Photovoltaic solar cells
Photovoltaic solar cell. Image: Dave Weaver Shutterstock

Solar energy is living better times, every day thousands of new solar panels are installed around the world, producing clean and free electricity. But, Do you know how cells or solar cells work? How are they able to generate electricity? We will tell you.

The sun is the most accessible energy on earth, but to convert it into electricity we need a very abundant element, sand.

It is necessary convert sand to silicon crystals with a purity of 99.999% if we want to use it in the manufacture of photovoltaic solar cells. To achieve this, the sand must undergo a complex purification process to obtain raw silicon (98% purity).

This raw silicon is made into a composite form of gaseous silicon, then mixed with hydrogen to obtain highly purified polysilicon. The process is a little more complicated if we want to obtain monocrystalline silicon, which is more expensive to produce but also with better performance.

This polycrystalline or monocrystalline silicon is molded to make wafers. These wafers are the central core of photovoltaic solar cells.

In this structure, the silicon atoms are linked together. We know that the electrons within this structure have no freedom of movement.

If we inject phosphorus atoms with 5 valence electrons into the structure, N-type doping, when sunlight hits the electrons, they gain photon energy, which makes them able to move freely. However, this random movement of electrons does not produce any current through the charge.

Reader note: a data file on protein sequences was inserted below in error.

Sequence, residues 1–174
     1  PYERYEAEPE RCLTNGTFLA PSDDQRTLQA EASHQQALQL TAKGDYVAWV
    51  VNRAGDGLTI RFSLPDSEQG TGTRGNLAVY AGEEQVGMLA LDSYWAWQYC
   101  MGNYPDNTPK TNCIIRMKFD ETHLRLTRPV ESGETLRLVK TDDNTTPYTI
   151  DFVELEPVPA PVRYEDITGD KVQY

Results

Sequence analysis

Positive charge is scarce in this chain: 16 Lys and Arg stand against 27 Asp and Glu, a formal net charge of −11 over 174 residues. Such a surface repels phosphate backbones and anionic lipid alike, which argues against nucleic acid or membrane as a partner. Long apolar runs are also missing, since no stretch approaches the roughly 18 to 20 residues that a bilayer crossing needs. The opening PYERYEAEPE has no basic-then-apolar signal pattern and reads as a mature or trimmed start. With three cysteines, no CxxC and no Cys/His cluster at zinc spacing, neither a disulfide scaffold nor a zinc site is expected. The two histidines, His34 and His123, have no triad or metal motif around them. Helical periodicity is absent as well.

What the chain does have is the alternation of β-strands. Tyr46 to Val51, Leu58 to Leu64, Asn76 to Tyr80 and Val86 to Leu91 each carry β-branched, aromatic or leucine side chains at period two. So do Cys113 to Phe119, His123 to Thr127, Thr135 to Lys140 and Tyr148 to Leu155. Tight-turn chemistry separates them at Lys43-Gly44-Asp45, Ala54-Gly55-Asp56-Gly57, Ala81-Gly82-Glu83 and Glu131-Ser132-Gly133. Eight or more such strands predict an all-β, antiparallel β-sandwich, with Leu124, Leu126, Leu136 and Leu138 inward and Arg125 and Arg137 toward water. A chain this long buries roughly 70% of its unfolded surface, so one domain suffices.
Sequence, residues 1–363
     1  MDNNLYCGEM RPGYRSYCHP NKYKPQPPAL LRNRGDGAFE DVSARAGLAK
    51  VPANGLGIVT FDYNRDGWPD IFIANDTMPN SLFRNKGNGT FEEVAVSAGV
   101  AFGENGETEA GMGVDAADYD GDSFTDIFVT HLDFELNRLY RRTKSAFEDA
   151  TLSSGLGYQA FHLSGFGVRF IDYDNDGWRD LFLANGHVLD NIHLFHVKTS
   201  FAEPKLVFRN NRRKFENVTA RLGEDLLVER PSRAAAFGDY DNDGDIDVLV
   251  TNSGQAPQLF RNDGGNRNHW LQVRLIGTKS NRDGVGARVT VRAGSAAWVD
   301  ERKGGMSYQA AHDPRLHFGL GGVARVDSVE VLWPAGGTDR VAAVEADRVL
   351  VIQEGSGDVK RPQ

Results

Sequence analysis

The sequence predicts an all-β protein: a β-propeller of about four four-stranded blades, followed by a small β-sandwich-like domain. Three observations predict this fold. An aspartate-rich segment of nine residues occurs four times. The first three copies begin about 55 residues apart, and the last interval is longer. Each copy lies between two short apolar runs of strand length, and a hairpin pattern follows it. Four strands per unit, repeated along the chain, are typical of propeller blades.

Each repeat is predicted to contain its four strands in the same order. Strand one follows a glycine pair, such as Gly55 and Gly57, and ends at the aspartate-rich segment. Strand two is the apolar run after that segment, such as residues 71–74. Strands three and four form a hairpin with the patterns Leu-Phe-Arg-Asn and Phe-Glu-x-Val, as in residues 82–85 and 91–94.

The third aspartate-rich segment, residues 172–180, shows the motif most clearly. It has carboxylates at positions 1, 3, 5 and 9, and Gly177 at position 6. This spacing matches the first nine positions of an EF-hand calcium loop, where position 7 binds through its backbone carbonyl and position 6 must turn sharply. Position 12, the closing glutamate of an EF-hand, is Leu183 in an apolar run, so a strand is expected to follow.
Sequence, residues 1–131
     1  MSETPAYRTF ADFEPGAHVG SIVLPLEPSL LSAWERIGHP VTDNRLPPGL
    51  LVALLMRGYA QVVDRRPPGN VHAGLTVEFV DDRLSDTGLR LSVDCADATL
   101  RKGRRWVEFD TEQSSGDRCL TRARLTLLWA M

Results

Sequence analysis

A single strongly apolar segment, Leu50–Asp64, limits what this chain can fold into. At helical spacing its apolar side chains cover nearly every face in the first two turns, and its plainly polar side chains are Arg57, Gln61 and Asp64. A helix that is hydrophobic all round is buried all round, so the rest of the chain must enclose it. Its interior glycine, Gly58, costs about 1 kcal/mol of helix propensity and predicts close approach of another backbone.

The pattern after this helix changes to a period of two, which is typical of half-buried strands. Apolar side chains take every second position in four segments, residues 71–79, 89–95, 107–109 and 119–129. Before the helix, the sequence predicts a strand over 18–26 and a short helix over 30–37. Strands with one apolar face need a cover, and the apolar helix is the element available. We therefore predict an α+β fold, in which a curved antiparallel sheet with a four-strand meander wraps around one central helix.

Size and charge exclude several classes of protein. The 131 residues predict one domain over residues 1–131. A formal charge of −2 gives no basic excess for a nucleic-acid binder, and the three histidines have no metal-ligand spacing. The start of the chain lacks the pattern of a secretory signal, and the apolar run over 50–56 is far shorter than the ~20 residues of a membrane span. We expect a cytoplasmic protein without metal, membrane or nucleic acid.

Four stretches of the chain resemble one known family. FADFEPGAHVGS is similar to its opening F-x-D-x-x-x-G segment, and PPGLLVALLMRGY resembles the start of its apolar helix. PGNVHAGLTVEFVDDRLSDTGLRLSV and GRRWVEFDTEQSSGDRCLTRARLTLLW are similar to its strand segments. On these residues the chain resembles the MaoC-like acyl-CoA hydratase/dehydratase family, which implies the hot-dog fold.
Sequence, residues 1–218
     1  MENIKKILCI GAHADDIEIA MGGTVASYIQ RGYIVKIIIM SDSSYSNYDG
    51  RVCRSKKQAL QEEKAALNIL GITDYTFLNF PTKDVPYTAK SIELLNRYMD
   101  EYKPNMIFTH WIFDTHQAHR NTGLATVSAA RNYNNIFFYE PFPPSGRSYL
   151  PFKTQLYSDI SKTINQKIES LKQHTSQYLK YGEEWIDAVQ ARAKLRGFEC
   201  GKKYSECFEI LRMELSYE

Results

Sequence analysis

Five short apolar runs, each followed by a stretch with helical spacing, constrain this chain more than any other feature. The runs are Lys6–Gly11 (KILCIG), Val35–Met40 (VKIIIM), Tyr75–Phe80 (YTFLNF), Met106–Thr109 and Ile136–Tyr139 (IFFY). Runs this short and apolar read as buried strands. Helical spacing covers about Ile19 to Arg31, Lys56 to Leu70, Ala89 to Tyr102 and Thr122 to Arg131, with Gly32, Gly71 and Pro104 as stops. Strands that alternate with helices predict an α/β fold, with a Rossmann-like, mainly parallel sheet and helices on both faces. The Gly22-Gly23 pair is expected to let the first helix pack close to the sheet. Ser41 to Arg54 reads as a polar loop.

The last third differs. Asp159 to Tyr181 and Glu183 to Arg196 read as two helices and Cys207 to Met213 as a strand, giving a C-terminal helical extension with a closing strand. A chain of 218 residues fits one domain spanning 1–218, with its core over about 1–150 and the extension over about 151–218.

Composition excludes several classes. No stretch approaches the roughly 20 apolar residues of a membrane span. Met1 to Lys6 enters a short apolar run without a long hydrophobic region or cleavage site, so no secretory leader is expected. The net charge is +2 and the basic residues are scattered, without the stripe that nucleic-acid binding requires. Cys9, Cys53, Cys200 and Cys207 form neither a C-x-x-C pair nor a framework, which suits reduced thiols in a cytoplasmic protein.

In order for electrons to move unidirectionally, a driving force is needed. A simple way to produce this driving force is with a PN joint.

How does a PN junction produce driving force?

If we inject boron with 3 valence electrons into pure silicon, there will be a hole for each atom. This is called P-type doping. If the two types of doped materials join together, some electrons on the N side will go to the P region and fill the available holes. This is how a impoverishment region, where there are no free electrons and no holes.

Through the migration of electrons, the N side becomes positively charged and the P side becomes negatively charged, which will form an electric field between the charges. This electric field produces the necessary motive force.

When the light falls on the N region, it enters the depletion region, where electrons and holes are produced which are repelled towards the N and P regions respectively by the electric field. The concentration of electrons in the N region and holes in the P region becomes so high that a potential difference will occur between them.

Operation of the solar cell. Image: Studio BKK Shutterstock

Now, if we connect a charge between these two regions, electrons will start to flow through the charge, combining with the holes in the P region, producing electricity.

In commercial solar cells, to increase energy efficiency, the N layer is very thin and very bulging, while the lower P layer is thicker and lightly doped, which increases the thickness of the depletion region and therefore electricity production.

Solar panel parts. Image: Alejo Miranda Shutterstock

Solar cells form solar panels by connecting a number of them both in series and in parallel, through copper unions.